• The priest who per instruction {17} goes hunting and does not have a cigar, cannot be in slot 1 because there is a barber there, cannot be in slot 2 because boxing is there, cannot be in slot 4 because there is a doctor playing tennis, cannot be in slot 5 because music is there, and cannot be in slot 6 because the cigar is there and that's just against the rules. Therefore the priest who goes hunting is in slot 3.

  • The lawyer who per instruction {12} plays chess, cannot be in slots 1-5 due to various occupations and hobbies already filling the slots. Therefore he is in slot 6.

  • Painting goes in the only remaining hobby slot at position 1. Because instruction {6} says the person in the blue suit is adjacent, they go to slot 2. Because instruction {15} says the teacher is right of the person in blue and the only unfilled occupation slot to the right of blue is slot 5, the teacher goes in slot 5.

  • The engineer goes in the only unfilled occupation slot at position 2. Instruction {9} stipulates that the yellow suit cannot be next to the engineer, which rules out slot 1, so that goes in the only other possible suit slot at position 4.

  • The red suit goes in the only remaining suit slot at position 1. The Swedish person, who according to instruction 2 has a pen, cannot go into slot 1 because of instruction {13}, and so goes in the only remaining slot without a nationality or item, at position 3.

  • According to instruction {4} the Chinese person has an axe so they go in the only remaining slot without a nationality or item at position 1. The French person goes next to them into slot 2.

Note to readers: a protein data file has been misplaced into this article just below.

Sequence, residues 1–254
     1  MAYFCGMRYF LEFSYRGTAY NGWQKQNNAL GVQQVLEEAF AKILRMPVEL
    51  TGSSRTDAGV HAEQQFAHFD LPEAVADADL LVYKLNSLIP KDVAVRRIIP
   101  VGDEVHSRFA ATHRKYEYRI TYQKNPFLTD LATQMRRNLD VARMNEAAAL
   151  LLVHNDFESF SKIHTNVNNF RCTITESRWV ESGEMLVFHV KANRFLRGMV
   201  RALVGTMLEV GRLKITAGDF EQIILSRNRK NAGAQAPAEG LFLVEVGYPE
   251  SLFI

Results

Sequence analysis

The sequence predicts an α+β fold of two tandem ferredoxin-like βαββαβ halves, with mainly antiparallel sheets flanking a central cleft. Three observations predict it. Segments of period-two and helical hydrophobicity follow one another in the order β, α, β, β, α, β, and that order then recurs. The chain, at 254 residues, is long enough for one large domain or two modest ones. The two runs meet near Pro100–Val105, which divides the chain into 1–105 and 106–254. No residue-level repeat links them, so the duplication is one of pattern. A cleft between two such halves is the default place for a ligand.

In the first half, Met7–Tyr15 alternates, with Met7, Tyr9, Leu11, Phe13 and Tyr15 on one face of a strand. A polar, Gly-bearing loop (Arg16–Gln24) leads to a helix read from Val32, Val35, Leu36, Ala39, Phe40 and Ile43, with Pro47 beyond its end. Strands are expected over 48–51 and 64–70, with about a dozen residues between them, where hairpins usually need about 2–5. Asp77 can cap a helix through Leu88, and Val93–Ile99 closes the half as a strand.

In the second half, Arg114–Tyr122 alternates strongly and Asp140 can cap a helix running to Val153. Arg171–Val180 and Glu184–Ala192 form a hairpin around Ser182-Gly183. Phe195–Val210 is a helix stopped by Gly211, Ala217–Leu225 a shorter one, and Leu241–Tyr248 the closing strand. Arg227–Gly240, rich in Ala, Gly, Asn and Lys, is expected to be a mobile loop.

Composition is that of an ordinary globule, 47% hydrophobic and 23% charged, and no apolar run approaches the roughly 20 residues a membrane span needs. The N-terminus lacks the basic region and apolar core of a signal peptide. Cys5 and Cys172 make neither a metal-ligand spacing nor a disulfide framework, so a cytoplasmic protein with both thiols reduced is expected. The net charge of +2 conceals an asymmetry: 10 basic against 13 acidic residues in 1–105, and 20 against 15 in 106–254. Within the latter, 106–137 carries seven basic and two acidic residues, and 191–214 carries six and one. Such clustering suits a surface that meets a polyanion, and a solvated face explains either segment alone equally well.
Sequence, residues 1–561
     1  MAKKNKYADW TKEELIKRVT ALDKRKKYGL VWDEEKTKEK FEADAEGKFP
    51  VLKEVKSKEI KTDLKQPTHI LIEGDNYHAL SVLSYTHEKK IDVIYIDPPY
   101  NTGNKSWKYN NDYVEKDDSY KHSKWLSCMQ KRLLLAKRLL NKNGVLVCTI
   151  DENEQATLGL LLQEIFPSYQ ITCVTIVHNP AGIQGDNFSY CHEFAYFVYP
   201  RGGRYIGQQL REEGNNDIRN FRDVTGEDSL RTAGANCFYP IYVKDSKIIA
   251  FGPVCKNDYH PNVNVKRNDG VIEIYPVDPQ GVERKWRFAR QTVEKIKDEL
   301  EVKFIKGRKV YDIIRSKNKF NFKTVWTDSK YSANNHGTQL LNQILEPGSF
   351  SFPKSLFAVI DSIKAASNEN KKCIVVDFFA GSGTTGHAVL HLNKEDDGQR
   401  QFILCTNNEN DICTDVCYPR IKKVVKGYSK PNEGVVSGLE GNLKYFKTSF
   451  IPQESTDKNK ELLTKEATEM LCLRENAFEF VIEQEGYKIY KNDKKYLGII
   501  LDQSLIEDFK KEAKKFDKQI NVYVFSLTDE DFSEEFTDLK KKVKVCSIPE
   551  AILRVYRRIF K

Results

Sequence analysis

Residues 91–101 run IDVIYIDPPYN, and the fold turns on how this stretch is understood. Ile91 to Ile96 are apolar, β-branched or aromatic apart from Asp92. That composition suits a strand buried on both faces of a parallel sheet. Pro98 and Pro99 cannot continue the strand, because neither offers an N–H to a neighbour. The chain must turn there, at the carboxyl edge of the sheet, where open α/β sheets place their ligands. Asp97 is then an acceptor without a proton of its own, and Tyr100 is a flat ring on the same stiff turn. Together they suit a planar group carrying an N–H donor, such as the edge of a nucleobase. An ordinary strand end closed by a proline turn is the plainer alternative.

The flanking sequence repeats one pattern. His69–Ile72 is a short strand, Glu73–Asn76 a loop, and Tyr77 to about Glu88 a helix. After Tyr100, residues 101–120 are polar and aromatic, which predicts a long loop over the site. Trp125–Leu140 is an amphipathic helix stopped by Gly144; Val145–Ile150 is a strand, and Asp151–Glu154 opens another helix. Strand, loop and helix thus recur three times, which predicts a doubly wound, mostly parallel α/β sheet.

• This leaves the gun, which goes into slot 5. The Russian teacher who likes music, with the green suit, has the gun.

Here is a somewhat messy diagram (produced using yEd) showing my workings in their final state. Though this is not important for the answer, it helps to show the solving process was legitimate. At first I was just grouping cells and dragging groups about like a jigsaw puzzle, this was before I worked out the more formal process.

The rows are in the same order as Parcly Taxel's answer because I compared my own answer against theirs. diagram showing workings

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  • $\begingroup$ I really appreciate that you solved this puzzle which I created by myself in around 9-10 hours because it really takes some quality time to solve it. Did you find this puzzle hard, interesting, etc? I will really appreciate it if you can give a small review about it. $\endgroup$
    – Abdus Sami
    Nov 7, 2022 at 8:49
  • $\begingroup$ This was perfect for my ability level. Thank you. I don't get on with cryptic puzzles but this was pure logic based. At first I underestimated this, after 5 mins I realised I couldn't solve it in my head, then I was confident a diagram would make it easy, and then it didn't, so I started putting the nodes into tetris-like blocks and shuffling them to fit. Black lines vertical, red lines not. I only put the answer in text form later, but next time I would try that first. In total I spent several hours, similar to you. How did you make it? Did I solve it in the same order that you expected? $\endgroup$
    – matt_rule
    Nov 7, 2022 at 13:57
  • $\begingroup$ I really appreciate your review. Yes, your steps were almost the same compared to mine. To make this puzzle I first tried to make and check different combinations of hints which do not contradict each other. After making the logical hints and testing them, I changed the order of the hints so that it becomes hard for people to see which hints should be used step by step. I made logical puzzles in my childhood. $\endgroup$
    – Abdus Sami
    Nov 7, 2022 at 14:46
  • $\begingroup$ There is another puzzle (Snakes, Ladders, and Magic Dice) in my profile that you would really like to solve. I created that puzzle recently and it is fun and purely logic-based, especially for your ability. Trust me, you would really like it. Below is the link to the puzzle. Please check it and do give a review :). Thank you. puzzling.stackexchange.com/questions/118486/… $\endgroup$
    – Abdus Sami
    Nov 7, 2022 at 14:48